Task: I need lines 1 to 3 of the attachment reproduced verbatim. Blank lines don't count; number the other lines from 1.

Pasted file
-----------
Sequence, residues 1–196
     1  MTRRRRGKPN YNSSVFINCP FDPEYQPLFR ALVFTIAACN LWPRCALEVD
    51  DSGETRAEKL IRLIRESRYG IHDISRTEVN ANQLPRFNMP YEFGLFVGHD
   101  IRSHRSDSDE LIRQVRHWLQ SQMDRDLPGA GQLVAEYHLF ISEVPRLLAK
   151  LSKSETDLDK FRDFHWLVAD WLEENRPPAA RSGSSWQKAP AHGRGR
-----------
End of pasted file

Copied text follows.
Sequence, residues 1–196
     1  MTRRRRGKPN YNSSVFINCP FDPEYQPLFR ALVFTIAACN LWPRCALEVD
    51  DSGETRAEKL IRLIRESRYG IHDISRTEVN ANQLPRFNMP YEFGLFVGHD